Racial Bias in Grading Medical School Clerkships

I’m glad to be part of an institution is taking this seriously.

For reference, clerkship grades and AOA is determined primarily or largely by instructor recommendations, and NOT primarily by objective indicators of performance.

Deeply concerned by recent national reports demonstrating racial differences in Alpha Omega Alpha nomination and clinical grading, we have begun to look at our own data at Washington University School of Medicine. Our preliminary results demonstrate similar racial differences with white students being more likely to receive honors grades in the clinical clerkships and more likely to be nominated for Alpha Omega Alpha than students of color. At AAMC this week, we heard similar reports from several peer institutions. We have discussed this with the chairs of the departments and the clerkship directors. We will be communicating this to the students today as well. We are working with the department chairs to make presentations on the data to individual departments. There is still more investigation to be done, but as a school, we are deeply committed to understanding why this is, how to address these disparities now, and how to prevent them in the future. To this end, we are planning the following immediate strategies as the first steps in the process:

  1. Convene a series of small group meetings with students to better understand the student experience of racial bias on this campus; Encourage use of the online, anonymous reporting system to gather additional comments that students may feel uncomfortable sharing in person or in groups;

  2. Ensure availability of one on one or other meetings for anyone (students, residents, fellows, faculty and staff) who wishes them with Dean Aagaard, Associate Vice Chancellor and Associate Dean Sherree Wilson, Associate Dean Will Ross, and anyone else you may feel safe talking with;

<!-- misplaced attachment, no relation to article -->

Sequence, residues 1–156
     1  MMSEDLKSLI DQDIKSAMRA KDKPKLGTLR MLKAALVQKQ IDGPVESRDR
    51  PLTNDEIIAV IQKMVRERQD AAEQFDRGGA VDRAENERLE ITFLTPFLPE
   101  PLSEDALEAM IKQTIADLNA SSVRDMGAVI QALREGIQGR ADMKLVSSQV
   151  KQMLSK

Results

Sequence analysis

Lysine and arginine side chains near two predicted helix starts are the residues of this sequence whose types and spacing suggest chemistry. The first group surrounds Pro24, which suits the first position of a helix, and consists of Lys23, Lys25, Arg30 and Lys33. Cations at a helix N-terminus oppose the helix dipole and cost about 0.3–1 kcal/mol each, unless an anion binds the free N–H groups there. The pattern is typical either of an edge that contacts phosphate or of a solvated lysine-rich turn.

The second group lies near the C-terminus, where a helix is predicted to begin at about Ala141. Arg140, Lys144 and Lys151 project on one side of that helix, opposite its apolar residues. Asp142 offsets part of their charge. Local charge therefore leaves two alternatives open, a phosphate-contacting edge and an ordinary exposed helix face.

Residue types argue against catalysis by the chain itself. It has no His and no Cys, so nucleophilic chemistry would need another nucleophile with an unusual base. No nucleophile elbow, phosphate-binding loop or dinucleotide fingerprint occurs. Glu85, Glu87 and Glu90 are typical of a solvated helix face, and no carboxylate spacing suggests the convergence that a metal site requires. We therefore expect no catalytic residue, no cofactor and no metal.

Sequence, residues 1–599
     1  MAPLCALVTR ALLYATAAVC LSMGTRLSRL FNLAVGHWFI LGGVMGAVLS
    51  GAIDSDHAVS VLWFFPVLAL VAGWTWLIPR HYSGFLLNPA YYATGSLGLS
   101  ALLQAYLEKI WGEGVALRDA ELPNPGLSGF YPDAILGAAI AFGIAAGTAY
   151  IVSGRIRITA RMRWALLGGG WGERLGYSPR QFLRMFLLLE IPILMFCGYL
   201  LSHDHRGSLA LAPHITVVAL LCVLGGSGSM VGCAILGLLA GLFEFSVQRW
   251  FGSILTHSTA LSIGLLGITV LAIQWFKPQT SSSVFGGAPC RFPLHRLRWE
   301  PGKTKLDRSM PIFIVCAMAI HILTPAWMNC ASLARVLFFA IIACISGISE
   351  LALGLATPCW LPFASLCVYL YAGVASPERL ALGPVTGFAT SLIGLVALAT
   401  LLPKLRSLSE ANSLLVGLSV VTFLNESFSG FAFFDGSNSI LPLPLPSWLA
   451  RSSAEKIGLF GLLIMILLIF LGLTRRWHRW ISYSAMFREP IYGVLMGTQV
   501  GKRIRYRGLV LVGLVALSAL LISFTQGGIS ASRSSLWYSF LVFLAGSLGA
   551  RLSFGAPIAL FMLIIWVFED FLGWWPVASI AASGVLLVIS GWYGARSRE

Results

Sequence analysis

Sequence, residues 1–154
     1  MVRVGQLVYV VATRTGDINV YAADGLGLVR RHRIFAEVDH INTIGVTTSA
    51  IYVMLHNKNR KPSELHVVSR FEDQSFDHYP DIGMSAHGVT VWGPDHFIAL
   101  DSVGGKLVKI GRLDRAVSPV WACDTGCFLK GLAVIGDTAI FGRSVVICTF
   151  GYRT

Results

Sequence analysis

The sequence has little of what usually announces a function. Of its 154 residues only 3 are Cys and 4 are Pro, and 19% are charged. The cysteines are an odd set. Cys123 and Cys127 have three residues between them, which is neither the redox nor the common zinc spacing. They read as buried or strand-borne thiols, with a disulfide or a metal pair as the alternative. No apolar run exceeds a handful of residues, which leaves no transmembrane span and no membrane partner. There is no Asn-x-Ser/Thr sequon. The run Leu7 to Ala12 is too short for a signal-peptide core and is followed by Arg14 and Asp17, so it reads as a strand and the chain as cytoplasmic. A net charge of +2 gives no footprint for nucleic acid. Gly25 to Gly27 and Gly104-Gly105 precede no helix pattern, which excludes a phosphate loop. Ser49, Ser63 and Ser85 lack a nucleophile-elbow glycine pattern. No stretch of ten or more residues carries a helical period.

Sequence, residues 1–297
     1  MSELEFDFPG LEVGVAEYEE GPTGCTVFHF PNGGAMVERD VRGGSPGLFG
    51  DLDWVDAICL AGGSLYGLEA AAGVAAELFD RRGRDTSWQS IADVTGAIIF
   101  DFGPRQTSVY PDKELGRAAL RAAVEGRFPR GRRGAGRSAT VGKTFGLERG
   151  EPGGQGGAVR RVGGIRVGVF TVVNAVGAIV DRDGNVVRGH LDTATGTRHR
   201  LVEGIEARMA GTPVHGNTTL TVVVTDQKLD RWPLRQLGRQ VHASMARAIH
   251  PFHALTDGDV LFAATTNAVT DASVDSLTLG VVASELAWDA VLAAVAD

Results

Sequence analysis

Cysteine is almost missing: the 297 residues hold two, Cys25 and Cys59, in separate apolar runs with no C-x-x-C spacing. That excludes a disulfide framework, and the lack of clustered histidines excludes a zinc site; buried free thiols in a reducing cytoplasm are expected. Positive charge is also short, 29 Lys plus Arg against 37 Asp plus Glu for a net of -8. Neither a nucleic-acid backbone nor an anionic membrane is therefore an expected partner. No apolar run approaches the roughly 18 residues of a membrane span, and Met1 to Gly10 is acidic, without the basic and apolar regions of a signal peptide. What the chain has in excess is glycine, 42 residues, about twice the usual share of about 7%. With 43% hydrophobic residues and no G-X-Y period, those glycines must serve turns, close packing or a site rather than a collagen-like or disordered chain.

3. Develop an immediate process for grade challenges that may be related to racial or gender discrimination, spearheaded by Medical Student Government;

  4. Convene an urgent commission of clerkship directors, students and other key stakeholders to make suggestions for immediate, short and long-term changes to grading and AOA selection, spearheaded by Assistant Dean Steven Lawrence;

  5. Continue a deeper evaluation of the underlying causes that contribute to these disparities through additional analysis of preclinical, NBME, shelf and other data available to us, spearheaded by Associate Dean Eve Colson (Program Evaluation and Continuous Quality Improvement).

We have also reached out to our colleagues who have demonstrated a willingness to work to address this critical issue including UCSF and Mt Sinai, among others. We are committed to ensuring that Washington University is a diverse, equitable and inclusive place for all our students, residents, fellows, staff and faculty. We will not stop until that is the case.

One thing I have very much appreciated at WUSTL is the universal and genuine concern for issues like this. Integration needs be taken seriously, and it is taken seriously here. Rather than looking at how others make mistakes alone, it is most important to fix the problems within our own control.


All Other Things Being Equal: Exploring Racial and Gender Disparities in Medical School Honor Society Induction.


A large body of literature has demonstrated racial and gender disparities in the physician workforce, but limited data are available regarding the potential origins of these disparities. To that end, the authors evaluated the effects of race and gender on Alpha Omega Alpha Honor Medical Society (AOA) and Gold Humanism Honor Society (GHHS) induction.


In this retrospective cohort study, the authors examined data from 11,781 Electronic Residency Application Service applications from 133 U.S. MD-granting medical schools to 12 residency programs in the 2014-2015 application cycle and to all 15 residency programs in the 2015-2016 cycle at Yale-New Haven Hospital. They estimated the odds of induction into AOA and GHHS using logistic regression models, adjusting for Step 1 score, research publications, citizenship status, training interruptions, and year of application. They used gender- and race-matched samples to account for differences in clerkship grades and to test for bias.


Women were more likely than men to be inducted into GHHS (odds ratio 1.84, P < .001) but did not differ in their likelihood of being inducted into AOA. Black medical students were less likely to be inducted into AOA (odds ratio 0.37, P < .05) but not into GHHS.